CMS Finalizes Cut to Many Physician Payments, Adds Telehealth Codes in 2021 Fee Schedule
By Joey Berlin

 1.26 interstate billing

Medicare has finalized its 2021 physician fee schedule, resulting in payment cuts to many physicians due to the much-maligned budget neutrality requirements the Texas Medical Association has advocated against.

The final regulation also added codes to its telehealth services list, and permanently adopted scope-of-practice expansions first offered to some non-physician professionals for the COVID-19 public health emergency.

Released Tuesday, the Centers for Medicare & Medicaid Services (CMS) fee-schedule rule cut the 2021  conversion factor  used to determine payments for certain physician services by about 10%.

In a fact sheet on the rule, CMS said the cut was partially a result of adjusting for “significant increases” for evaluation and management code visits. That adjustment was necessary because of budget-neutrality requirements, the agency said.

Many physicians will see decreased payments because of the cut. (The pre-published final rule includes an estimate of the financial impact on each specialty starting on page 1,521.)

In detailed remarks to CMS during the fee schedule proposal comment period, TMA had urged the agency to “work with Congress to stop penalizing doctors with the current budget-neutral methodology.”

TMA is reviewing the massive annual regulation and will report on key findings.

Other key pieces of the 1,994-page final regulation include:

  • Telehealth – CMS added several CPT codes to its telehealth list, including psychological and neuropsychological testing; home visits for established patients; and group psychotherapy.
  • Scope of practice – The agency made permanent scope-of-practice expansions it put in place for the public health emergency, permanently allowing nurse practitioners, physician assistants, clinical nurse specialists, and certified nurse-midwives to supervise diagnostic tests “within their scope of practice and state law.” Certified registered nurse anesthetists also will have the same diagnostic supervision authority. Those health professionals must maintain the relationships with supervising or collaborating physicians that Medicare requires.
  • Quality Payment Program (QPP) – Despite initially proposing a decrease, CMS kept the performance threshold for the QPP’s Merit-Based Incentive Payment System (MIPS) the same for 2021 as it was in 2020: MIPS participants again must score 60 points to avoid a penalty. The weighting of two of MIPS’ four performance categories will change: The Quality category will be weighted at 40%, a 5% decrease; the Cost category will increase in weight by the same amount. In its comments, TMA had called making any changes to the performance threshold during a pandemic “absurd.”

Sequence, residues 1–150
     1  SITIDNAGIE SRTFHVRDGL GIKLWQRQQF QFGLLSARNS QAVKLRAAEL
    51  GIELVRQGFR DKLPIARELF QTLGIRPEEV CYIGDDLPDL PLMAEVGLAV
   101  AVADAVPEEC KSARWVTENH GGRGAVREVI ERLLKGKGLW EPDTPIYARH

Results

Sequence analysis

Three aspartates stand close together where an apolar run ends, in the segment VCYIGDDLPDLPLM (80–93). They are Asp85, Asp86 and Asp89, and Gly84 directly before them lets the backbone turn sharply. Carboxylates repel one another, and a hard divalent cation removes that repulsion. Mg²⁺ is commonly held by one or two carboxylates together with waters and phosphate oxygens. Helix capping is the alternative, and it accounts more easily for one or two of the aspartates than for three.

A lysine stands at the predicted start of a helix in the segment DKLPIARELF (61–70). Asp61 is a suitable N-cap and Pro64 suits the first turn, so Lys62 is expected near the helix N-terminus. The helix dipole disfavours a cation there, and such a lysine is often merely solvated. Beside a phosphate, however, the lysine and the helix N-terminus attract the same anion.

• Electronic prescribing of controlled substances (EPCS) – Medicare will make its mandate for electronic prescribing of Schedule II-V drugs effective beginning in 2021, but the compliance process will be delayed until Jan. 1, 2022. CMS said it was doing so “to encourage prescribers to implement EPCS as soon as possible, while helping ensure that our compliance process is conducted thoughtfully.”
CMS also added two new principal care management payment codes for designated rural health clinics and federally qualified health centers. Principal care management codes provide payment for managing one serious chronic condition.

In addition to its fact sheet on the fee schedule, CMS published separate guidance and other resources on the final QPP provisions.

For help understanding Medicare payments, QPP, and many other aspects of your practice, TMA Practice Consulting offers highly rated practice consulting services and expertise. Get more information by calling (800) 523-8776 or via email.

Last Updated On

December 04, 2020

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Joey Berlin

Associate Editor

(512) 370-1393

Joey Berlin is associate editor of Texas Medicine. His previous work includes stints as a reporter and editor for various newspapers and publishing companies, and he’s covered everything from hard news to sports to workers’ compensation. Joey grew up in the Kansas City area and attended the University of Kansas. He lives in Austin.

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